Iranian Oil Minister Bijan Zanganeh is surrounded by journalists and security staff as he arrives at his hotel ahead of an OPEC meeting in Vienna December 3, 2013.
Iranian Oil Minister Bijan Zanganeh is the most prominent OPEC delegateReuters

Iran's Oil Minister Bijan Zanganeh has indicated that the country sees $70 per barrel as a suitable oil price. He however said that Iran would be satisfied with less but did not elaborate.

Iran's ISNA news agency said that Iran would only join talks with other oil producers on a possible freeze of oil production after its own output reached 4 million barrels of oil per day, Saudi Arabia, Russia, Venezuela and Qatar floated the idea of a production cap in February to boost global oil prices but it was conditional on other producers joining.

A meeting between oil producers to discuss a global deal on freezing production is unlikely to take place in Russia as scheduled on 20 March, Reuters reported, quoting sources familiar with the matter. It blamed this on Iran which has yet to confirm whether it would participate in such a deal.

So far Iran has resisted joining such talks as it is keen to kick start its oil industry. It is trying to regain its share of the global petroleum market following the removal of international sanctions after a deal was reached over its nuclear programme in January.

Iran's crude exports fell to just over 1 million bopd in recent years following the sanctions. Its peak production before 2011 hit as high as 2.5 million bopd. The country's oil exports are expected to reach 2 million bopd in the Iranian month that ends on 19 March from 1.75 million the previous month, Zanganeh said.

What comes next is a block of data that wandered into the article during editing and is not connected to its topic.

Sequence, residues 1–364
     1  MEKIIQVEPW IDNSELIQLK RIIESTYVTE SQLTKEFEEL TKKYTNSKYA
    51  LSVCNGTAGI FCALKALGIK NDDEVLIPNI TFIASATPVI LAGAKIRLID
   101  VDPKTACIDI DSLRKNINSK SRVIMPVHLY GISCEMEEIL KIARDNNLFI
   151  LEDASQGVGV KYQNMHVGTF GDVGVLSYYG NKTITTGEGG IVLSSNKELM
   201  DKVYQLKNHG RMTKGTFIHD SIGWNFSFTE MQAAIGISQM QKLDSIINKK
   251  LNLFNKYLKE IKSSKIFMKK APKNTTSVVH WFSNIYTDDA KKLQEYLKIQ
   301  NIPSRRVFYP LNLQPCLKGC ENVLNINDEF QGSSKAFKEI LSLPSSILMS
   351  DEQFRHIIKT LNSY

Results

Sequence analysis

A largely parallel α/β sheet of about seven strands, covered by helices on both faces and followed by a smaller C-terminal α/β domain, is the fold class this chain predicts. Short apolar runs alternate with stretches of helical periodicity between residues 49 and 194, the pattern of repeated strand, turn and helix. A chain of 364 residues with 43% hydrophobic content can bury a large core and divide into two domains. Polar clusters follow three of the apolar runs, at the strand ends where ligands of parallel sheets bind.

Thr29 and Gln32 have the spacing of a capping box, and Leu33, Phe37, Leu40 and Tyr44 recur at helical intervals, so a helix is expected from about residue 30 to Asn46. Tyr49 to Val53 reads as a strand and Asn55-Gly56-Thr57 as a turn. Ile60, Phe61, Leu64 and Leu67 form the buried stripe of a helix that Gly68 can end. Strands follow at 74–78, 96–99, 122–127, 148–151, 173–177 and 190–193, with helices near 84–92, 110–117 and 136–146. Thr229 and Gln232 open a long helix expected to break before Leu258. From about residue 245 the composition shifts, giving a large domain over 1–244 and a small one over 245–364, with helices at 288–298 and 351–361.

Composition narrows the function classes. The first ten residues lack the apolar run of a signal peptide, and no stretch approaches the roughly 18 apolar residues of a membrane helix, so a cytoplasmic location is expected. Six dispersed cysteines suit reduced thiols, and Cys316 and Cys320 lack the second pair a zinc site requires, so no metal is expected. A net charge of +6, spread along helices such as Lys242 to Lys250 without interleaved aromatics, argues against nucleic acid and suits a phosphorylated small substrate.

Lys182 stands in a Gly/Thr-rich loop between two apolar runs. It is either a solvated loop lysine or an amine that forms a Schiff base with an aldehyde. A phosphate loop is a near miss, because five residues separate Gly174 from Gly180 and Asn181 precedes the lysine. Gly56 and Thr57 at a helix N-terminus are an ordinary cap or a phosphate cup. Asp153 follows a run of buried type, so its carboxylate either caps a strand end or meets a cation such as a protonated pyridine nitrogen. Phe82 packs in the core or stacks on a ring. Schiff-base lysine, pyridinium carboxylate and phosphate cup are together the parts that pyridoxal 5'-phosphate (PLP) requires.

Referring to whether Russian Energy Minister Alexander Novak will be trying to convince Iran to join the oil freeze output talks during a visit this week, Zanganeh said: "They should leave us alone as long as Iran's crude oil has not reached 4 million. We will accompany them afterwards."

Zanganeh said the idea of a production freeze by Iran was a "joke", according to a State run TV. He also said that US companies are welcome to invest in the country's oil and gas industry.

"In general, we have no problem with the presence of American companies in Iran," he said. However, he did point out that the US government was "creating restrictions for these companies" without elaborating, according to the State TV.

The minister also confirmed that Iran's state-run oil company has held talks with General Electric. "Of course, my deputy conducted these negotiations and when I inquired about them, it was said that the talks were positive.